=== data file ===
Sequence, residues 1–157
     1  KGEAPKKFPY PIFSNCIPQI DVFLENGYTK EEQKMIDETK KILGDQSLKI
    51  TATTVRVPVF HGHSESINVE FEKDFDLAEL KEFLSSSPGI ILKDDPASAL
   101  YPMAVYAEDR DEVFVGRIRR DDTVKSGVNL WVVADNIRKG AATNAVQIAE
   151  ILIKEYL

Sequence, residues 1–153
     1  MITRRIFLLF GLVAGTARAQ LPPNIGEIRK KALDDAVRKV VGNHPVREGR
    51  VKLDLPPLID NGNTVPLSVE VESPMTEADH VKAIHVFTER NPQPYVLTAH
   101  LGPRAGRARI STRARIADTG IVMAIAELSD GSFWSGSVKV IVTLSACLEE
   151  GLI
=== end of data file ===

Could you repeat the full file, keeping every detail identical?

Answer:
Sequence, residues 1–157
     1  KGEAPKKFPY PIFSNCIPQI DVFLENGYTK EEQKMIDETK KILGDQSLKI
    51  TATTVRVPVF HGHSESINVE FEKDFDLAEL KEFLSSSPGI ILKDDPASAL
   101  YPMAVYAEDR DEVFVGRIRR DDTVKSGVNL WVVADNIRKG AATNAVQIAE
   151  ILIKEYL

Sequence, residues 1–153
     1  MITRRIFLLF GLVAGTARAQ LPPNIGEIRK KALDDAVRKV VGNHPVREGR
    51  VKLDLPPLID NGNTVPLSVE VESPMTEADH VKAIHVFTER NPQPYVLTAH
   101  LGPRAGRARI STRARIADTG IVMAIAELSD GSFWSGSVKV IVTLSACLEE
   151  GLI